In brief

  • Robinhood's CFO cited concerns about regulators.
  • The company also said its wallet will be rolled out to all users by the end of March.

The CFO of Robinhood, Jason Warnick, said on Wednesday that the company has no immediate plans to add new crypto assets—a move that will come as a disappointment to owners of Shiba Inu (SHIB) and other tokens that stand to get a boost from a listing on the popular platform.

Speaking to reporters shortly after Robinhood posted Q4 earnings, Warnick said the company is proceeding cautiously in light of conversations with regulators who have warned they may regard certain tokens as unlicensed securities.

"We know our customers want new coins. The message is clear," said Warnick, adding Robinhood is committed to new assets but is not able to state when it will list them.

Crypto has become a central part of Robinhood's business strategy, which includes the recent launch of a wallet that will let customers send their assets off the platform. The wallet launched in beta this month, and Warnick said it should be available to everyone by the end of March.


Warnick also noted that launching its crypto products internationally will be a key focus for Robinhood in coming months, and that the company will soon launch a debit card that will facilitate quicker withdrawals.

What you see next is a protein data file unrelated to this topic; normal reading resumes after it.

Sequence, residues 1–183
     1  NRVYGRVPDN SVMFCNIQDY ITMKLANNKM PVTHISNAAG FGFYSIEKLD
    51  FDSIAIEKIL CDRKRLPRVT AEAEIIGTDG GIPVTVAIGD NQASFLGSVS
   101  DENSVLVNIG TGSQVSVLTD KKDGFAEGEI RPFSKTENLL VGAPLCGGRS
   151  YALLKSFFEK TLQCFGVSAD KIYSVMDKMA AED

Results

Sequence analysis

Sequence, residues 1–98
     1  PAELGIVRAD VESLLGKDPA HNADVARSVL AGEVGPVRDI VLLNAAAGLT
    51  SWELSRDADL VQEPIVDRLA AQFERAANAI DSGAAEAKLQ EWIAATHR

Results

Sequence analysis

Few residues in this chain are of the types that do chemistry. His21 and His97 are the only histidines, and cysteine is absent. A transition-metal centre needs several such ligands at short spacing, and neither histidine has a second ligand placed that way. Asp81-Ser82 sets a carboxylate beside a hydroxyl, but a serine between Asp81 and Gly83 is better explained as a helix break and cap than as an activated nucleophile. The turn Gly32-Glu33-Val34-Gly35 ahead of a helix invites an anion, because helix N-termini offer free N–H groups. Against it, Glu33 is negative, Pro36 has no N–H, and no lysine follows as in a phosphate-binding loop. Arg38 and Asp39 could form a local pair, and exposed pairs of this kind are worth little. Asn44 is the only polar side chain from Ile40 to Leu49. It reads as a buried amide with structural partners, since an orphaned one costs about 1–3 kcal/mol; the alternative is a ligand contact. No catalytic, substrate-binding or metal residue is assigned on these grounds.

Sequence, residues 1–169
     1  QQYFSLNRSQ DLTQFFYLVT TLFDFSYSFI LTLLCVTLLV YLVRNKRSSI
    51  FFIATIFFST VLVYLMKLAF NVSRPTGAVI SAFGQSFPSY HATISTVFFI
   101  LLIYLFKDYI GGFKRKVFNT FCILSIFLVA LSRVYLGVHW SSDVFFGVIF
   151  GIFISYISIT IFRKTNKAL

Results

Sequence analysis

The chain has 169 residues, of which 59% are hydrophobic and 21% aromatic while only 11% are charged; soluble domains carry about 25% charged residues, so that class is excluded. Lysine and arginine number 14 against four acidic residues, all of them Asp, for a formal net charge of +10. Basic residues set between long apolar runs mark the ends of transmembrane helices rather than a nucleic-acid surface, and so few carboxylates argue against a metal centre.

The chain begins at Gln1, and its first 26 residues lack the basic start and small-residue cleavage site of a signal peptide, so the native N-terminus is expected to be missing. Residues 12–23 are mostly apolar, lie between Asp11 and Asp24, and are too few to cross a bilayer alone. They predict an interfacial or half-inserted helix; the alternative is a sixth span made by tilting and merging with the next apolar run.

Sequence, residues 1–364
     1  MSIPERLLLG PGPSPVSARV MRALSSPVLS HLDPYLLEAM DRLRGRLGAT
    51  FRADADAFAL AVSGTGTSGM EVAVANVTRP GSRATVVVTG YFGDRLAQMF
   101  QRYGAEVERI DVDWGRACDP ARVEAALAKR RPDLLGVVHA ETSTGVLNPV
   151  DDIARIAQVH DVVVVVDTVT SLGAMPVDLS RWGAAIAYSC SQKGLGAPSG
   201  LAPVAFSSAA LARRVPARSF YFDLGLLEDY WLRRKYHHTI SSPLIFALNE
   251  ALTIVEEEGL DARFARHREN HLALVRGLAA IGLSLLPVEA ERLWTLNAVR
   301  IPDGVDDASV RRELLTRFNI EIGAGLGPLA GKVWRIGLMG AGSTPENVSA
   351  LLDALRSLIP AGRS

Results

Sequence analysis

All of this comes amidst a rocky stretch for Robinhood, which posted another quarterly loss on Thursday. The company revealed it lost 49 cents per share—compared to analyst expectations of a 42 cent loss—and that its revenue grew to $363 million, which fell shy of the predicted $370 million figure.

This in turn caused Robinhood's share price to fall to another record low in after-hours trading. As of late Thursday afternoon, the stock was trading around $10—a far cry its high of around $82 when the company went public in mid-2021.

The company was riding high last summer in part thanks to a surge in Dogecoin trading, which made up a significant portion of its overall revenue.


Now, though, that trading has fallen off considerably while its other product lines—equities and options trading—have remained mostly flat.

Robinhood, which has become the subject of acquisition rumors in recent weeks, is betting that it can achieve a turnaround in part by offering new products such as retirement accounts. Meanwhile, Warnick also predicted that the company's crypto wallets could prove to be a long-term strategic asset.

"It's a huge opportunity. We still think it's early but crypto wallets are a foundational experience," he said.

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